Mod, as a Modernist, as a fascination for the future, for the essential lines of Italian design and the sophisticated melodies of soul music. A scene that develops in the London of the 60s, which feeds on the admiration for the young ‘rude boys’, as the ‘street boys’ were defined who came from the former colonies of the empire and landed in British ports bringing with them elegant clothes and exotic music. A wave celebrated in a highly successful international film, “Quadrophenia”, released in 1979, set in the streets of Brighton, the seaside town which, even more than London, had become the center of this movement. And it is precisely in Brighton that, until September 2, it will be possible to visit the exhibition This is the Modern World, a journey into the artistic adventure of Jam and Style Council, groups that, between the end of the 70s and the 80s, were the absolute protagonists of the mod revival, which brought teenagers back into an imaginary fate of very colorful dresses, long parkas to cover tight suits and lots of soul, funky and ska to dance to. The initiative takes place in Stanley Gardens, immortalized in the disc symbol of the Jam Setting Sons and in the frames of Quadrophenia
A story united by the presence of Paul Weller, who was the leader of the two groups and who represents the perfect image of mod thinking, their being engaged in a profound social criticism of a society that had difficulty accepting ethnic diversity and cultural, as also told in the 1959 novel by Colin MacInnes (and later in the 1986 film of the same name) Absolute Beginners.
Curated by Nicky Weller, Paul’s sister, and created thanks to the personal archives of the members of the two groups and with many contributions from international fans and collectors, the exhibition is an opportunity to rediscover the importance that the so-called ‘sub cultures’ they had in designing the identity of England as a place that has made and exported the main youth communities from the post-war period to today, from beat to punk, from new romantic to glam. Each room is dedicated to a particular theme, starting with the reconstruction of Stanley Road, the street of Woking, in Surrey, where the artist lived and where the first Jam formation was born, which gave the title to his most famous album. . A large area is reserved for musical instruments, some now very rare, belonging to an era in which music had not yet passed through the revolution of digital technology and of course there are the impeccable clothes, inspired by the rude Jamaican boys, who, for the first time, they wore tailored clothes in the British working class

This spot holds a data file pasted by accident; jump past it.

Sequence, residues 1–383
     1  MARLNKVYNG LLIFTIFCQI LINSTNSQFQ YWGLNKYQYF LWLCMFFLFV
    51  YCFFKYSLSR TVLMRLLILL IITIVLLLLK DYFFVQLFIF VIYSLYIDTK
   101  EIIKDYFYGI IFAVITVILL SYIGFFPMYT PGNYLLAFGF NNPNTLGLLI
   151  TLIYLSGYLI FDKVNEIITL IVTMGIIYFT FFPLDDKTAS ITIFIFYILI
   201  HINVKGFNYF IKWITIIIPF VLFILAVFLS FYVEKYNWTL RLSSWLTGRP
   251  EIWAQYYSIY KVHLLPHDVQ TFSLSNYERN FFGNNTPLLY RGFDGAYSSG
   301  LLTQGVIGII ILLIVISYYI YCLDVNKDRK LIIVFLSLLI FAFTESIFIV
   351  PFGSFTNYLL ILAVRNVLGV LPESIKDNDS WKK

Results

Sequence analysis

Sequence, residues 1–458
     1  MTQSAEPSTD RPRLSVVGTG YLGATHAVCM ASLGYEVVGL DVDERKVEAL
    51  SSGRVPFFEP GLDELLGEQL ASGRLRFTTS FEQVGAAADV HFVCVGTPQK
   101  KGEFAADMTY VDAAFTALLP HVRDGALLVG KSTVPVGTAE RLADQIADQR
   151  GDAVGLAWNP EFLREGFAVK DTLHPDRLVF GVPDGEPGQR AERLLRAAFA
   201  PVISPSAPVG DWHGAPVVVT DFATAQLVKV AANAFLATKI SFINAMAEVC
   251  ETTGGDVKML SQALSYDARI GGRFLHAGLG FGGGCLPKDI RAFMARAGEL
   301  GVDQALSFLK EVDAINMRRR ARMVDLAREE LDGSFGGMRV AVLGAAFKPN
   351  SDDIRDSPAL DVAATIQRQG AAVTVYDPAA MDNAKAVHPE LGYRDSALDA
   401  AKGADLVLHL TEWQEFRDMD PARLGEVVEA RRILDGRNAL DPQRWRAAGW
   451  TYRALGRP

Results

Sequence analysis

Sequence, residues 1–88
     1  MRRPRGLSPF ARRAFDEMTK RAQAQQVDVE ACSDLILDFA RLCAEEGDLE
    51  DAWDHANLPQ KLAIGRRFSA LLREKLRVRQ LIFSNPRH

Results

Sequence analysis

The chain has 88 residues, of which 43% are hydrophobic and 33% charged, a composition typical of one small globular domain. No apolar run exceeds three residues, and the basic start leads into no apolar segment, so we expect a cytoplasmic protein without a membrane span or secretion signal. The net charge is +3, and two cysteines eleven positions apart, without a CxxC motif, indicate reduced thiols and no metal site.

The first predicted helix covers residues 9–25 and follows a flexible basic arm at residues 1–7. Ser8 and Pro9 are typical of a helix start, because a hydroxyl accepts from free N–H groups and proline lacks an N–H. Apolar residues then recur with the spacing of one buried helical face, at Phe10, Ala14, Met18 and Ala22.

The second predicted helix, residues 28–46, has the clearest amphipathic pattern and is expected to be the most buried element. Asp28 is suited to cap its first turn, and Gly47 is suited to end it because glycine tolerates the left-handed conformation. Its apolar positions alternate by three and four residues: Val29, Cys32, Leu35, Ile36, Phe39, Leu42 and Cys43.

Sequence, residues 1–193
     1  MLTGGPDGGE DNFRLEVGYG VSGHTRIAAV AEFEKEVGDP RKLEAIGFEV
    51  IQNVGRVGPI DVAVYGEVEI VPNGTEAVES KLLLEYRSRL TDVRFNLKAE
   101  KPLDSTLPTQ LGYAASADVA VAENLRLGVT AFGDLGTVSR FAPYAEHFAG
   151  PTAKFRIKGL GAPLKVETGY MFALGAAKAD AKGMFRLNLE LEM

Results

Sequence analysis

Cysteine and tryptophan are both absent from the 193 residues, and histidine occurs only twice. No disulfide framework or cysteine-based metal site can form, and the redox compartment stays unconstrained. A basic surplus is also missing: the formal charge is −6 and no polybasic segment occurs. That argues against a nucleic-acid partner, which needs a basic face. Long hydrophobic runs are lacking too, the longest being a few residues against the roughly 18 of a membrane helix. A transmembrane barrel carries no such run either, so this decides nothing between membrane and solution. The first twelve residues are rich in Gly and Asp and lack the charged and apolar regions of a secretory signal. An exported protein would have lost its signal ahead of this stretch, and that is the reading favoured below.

At the same time, Brighton will be furrowed by appointments, concerts, conversations for a total immersion in the history of mods. Like the concert scheduled for August 27 with the mod revival groups, from Secret Affair to The Vapors, from The Chords UK to Block 33l, the screening on August 29 of Quadrophenia in the presence of the cast and the meeting, on August 25, with the members of the Style Councils for the presentation of Long Hot Summer, a documentary about the group produced by Sky Arts